Carlos Correa hires Scott Boras as agent, setting stage for long, lucrative winter


When you're the biggest prize on the free agent market but find yourself with plenty of time on your hands during an industry lockout, why not take a moment to switch representation to the biggest agent in the baseball business?

Carlos Correa, the Houston Astros shortstop whose long-anticipated free agency was shut down by Major League Baseball's player lockout following the collective bargaining agreement's expiration, has hired Scott Boras as his new agent, he told news outlets in a statement.

Correa, 27, did not field a significant offer during an overheated period of free agent signings in November as teams, players and agents anticipated a lockout. During that period, fellow shortstops Corey Seager (10 years, $325 million, Rangers), Marcus Semien (seven years, $175 million, Rangers) and Javy Baez (six years, $140 million, Tigers) signed lucrative deals that ostensibly set the bar for Correa.
Former Houston Astros shortstop Carlos Correa won his first Gold Glove this season. Troy Taormina, USA TODAY Sports

Now, it will be Boras helping him clear it.

Known for protracted negotiations aimed at extracting top dollar for clients no matter the calendar, Boras' hiring may shift the tenor of Correa negotiations on the other side of the lockout. While Correa was expected to receive a larger deal than his free agent classmates, Boras may be more inclined to take aim at the benchmark deals for shortstops set by Fernando Tatis Jr. (14 years, $340 million, Padres) and Francisco Lindor (10 years, $341 million, Mets) in the 2020-21 offseason.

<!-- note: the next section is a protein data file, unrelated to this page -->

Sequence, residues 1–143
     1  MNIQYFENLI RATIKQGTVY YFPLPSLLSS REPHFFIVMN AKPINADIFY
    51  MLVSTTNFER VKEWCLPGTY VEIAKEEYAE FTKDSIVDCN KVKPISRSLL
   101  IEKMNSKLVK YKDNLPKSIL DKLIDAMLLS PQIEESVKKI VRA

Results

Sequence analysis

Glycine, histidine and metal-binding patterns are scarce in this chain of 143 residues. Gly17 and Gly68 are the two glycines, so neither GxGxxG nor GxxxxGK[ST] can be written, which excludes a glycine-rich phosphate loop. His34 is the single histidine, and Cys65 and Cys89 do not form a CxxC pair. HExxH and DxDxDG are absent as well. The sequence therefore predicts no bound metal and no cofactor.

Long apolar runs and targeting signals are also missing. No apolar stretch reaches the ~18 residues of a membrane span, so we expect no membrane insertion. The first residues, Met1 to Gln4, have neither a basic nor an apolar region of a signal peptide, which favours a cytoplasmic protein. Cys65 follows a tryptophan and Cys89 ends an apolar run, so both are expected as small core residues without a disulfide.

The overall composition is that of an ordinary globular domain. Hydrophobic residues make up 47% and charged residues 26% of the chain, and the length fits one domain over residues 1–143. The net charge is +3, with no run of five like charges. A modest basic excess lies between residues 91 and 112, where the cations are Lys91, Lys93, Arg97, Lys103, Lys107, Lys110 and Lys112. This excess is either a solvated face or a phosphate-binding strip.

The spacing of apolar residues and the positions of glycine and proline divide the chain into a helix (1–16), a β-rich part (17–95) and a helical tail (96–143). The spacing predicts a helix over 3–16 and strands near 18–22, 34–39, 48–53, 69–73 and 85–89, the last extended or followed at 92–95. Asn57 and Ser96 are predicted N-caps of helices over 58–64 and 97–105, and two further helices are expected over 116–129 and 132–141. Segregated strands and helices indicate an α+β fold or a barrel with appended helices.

Certainly, it will be a tight squeeze for Correa to land in his new home's spring training camp on time. MLB and the MLB Players' Assn. remain far apart in CBA negotations, with a delay to spring training almost inevitable.

Between a CBA settlement and camps opening, the remainder of free agency must play out. Despite a flurry of activity in November, 13 of the top 30 players in USA TODAY Sports' top 106 players remain unsigned and Correa's market may take the longest to play out.

Correa produced arguably the greatest season of his seven-year career , hitting 26 home runs and amassing 7.3 Wins Above Replacement in leading the Astros to their third World Series appearance in five years. The Astros tendered him a pair of contract extensions ranging from $120 million to $160 million but Correa, as widely expected, turned both down.

Correa was represented for the past two years by Endeavor/William Morris, an agency with a bent for maximizing off-field and ancillary opportunities. Veteran agent Greg Genske represented him before 2019.

This article originally appeared on USA TODAY: Carlos Correa hires Scott Boras as agent, setting stage for long, lucrative winter

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